5 Best Ski Towns for RVing
Here are some of the more popular bucket-list mountains with a few insider’s tips about camping and skiing, snowboarding and snowshoeing there.
Like many towns in the Rocky Mountains, Breckenridge was originally a mining camp. When the ski resort opened in 1961, it saved Breckenridge from becoming a ghost town. Today, Breckenridge is a huge ski resort, with 2,908 skiable acres and a vertical drop just shy of 3,400 feet. A third of its terrain is groomed daily, and 40 percent is open bowls. With 350 historic buildings, it’s not just a place to ski but also a charming place to visit, and it has one of the best sushi bars in Summit County.
Pass: Epic Pass
Campground: Tiger Run RV Resort. Free Wi-Fi. Free bus every 30 minutes into town and the ski slopes.
Gunstock, New Hampshire
Gunstock Mountain Resort is part of a county-owned recreation area. When it opened in 1937 with the first chairlift in the eastern United States, more people came to watch the top ski jumpers of the day, rather than to turn down its slopes. Though it is one of the oldest ski areas in America, today it’s modern and much bigger with 55 trails (not including glades), 90 percent of which have snowmaking and 24 are lit for night skiing. Not an alpine skier? You can walk out your door onto 50 kilometers of cross-country skiing and snowshoeing trails, go tubing down a prepared track, ride the Mountain Coaster or watch a few jumpers fly through the air on the newly renovated ski jump.
Pass: Gunstock season pass or lift tickets only
Campground: Gunstock Mountain Resort. Full-hookup RV camping at the ski area!
Heavenly Valley, California/Nevada
Heavenly Valley is, well, heavenly for skiing and snowboarding. Its 28 chairlifts take you to 4,630 skiable acres, the most of any ski resort in the Lake Tahoe area. It’s also the highest, with a summit elevation of 10,067 feet. Its 3,500-foot vertical drop is the longest on the West Coast. The mountain has a variety of trails, from wide-open cruisers to steep chutes. It’s also uniquely located on the California-Nevada line. You can ski from one state to the other.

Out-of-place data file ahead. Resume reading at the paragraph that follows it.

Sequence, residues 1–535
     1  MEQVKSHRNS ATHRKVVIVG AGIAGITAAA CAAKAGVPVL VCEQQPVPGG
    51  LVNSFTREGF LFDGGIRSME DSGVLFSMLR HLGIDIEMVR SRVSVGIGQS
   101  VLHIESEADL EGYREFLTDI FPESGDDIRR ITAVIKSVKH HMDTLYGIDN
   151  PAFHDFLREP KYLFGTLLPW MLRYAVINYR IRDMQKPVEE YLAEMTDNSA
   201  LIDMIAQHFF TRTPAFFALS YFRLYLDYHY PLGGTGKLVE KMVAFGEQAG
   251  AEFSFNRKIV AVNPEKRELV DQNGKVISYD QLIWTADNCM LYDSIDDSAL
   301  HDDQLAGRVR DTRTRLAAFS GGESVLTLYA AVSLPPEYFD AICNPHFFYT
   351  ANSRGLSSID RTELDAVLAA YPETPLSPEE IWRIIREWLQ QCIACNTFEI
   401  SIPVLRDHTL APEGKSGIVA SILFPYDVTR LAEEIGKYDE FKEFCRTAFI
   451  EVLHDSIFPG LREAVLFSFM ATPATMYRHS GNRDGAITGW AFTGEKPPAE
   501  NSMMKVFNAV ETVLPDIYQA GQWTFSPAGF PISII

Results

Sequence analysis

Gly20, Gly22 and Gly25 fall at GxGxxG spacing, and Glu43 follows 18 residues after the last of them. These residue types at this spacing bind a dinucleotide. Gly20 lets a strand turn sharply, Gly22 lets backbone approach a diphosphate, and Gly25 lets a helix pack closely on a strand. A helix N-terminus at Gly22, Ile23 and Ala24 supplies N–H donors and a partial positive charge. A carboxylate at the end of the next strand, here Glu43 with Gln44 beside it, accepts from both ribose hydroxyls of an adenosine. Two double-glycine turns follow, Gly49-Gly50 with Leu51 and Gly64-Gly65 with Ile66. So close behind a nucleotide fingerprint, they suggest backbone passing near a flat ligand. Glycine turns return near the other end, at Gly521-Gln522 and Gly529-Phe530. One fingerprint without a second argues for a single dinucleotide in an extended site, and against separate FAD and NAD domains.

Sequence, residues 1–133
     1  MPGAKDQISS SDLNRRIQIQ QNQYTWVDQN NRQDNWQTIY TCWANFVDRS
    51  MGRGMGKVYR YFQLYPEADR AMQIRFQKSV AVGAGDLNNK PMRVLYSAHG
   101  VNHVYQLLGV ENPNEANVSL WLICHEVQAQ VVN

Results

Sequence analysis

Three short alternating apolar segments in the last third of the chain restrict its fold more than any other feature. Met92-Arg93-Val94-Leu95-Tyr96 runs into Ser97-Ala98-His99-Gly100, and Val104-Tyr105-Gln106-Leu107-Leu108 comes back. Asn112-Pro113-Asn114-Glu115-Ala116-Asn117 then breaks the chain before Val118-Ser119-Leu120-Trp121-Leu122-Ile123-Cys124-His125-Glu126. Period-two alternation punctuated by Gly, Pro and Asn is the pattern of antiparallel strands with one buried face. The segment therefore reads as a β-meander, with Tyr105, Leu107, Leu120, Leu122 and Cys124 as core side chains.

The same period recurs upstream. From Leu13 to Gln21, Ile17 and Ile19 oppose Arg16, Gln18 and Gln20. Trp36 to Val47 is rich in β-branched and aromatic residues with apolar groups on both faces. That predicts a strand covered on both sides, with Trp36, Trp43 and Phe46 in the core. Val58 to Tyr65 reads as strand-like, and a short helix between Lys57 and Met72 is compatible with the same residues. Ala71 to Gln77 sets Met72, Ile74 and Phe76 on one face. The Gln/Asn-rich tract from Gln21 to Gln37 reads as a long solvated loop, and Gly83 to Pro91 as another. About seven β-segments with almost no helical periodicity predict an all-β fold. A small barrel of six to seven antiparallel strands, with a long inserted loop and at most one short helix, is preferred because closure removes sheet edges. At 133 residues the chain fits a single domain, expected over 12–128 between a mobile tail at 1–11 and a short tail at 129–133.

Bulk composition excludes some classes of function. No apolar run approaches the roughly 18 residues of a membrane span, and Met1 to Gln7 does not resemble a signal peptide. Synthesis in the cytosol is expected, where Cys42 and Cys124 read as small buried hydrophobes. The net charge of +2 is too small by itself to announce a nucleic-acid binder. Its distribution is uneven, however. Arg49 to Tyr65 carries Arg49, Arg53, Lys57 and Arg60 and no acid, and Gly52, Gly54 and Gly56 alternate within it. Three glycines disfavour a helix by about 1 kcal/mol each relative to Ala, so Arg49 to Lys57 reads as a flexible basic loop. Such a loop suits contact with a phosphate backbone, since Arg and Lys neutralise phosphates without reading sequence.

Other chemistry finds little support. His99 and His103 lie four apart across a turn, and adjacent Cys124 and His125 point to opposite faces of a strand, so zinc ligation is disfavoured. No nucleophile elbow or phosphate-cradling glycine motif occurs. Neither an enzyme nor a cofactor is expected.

Pass: Epic Pass
Campground: Zephyr Cove RV Park and Campground. Near South Lake Tahoe’s restaurants and casinos. Backcountry snowmobile tours from the campground.
Park City, Utah
Park City Ski Resort was host to several of the alpine events during the 2002 Winter Olympics in Salt Lake City. The beauty of visiting Park City is the chance to also ski Deer Valley and the Canyons, which share the same historic mining town, now an upscale resort, with boutiques, interesting restaurants and numerous events. The Sundance Film Festival fills up the place, but hardly anyone skis, and you never know which of your favorite movie stars might walk by. You’re also an hour’s drive to Snowbird, Alta, Brighton and Solitude. There’s so much skiing near Park City that you can’t possibly experience it all
in a week.
Pass: Epic Pass
Campground: Park City RV Resort. Minutes away from the slopes and festivities in town. Seasonal and nightly reservations available.
Sun Valley, Idaho
Founded in 1936 by railroad tycoon Averell Harriman, Sun Valley was the first ski area in the country to install a chairlift. Today, its “big” mountain, Baldy, offers some of the best fall-line groomed slopes in the world. Its state-of-the-art snowmaking system does a remarkable job of creating fantastic conditions when Mother Nature doesn’t. Its “little” mountain, Dollar, is a treeless dome with a top-notch learning area. Free-riders can take their pick of three parks, two cross courses and 76 rails. The resort also has 25 miles of groomed Nordic ski and snowshoeing trails.
Pass: Mountain Collective
Campground: Meadows RV Park. Views of the ski runs on Baldy. Free Wi-Fi, 50-amp full-hookup sites and on-site laundry.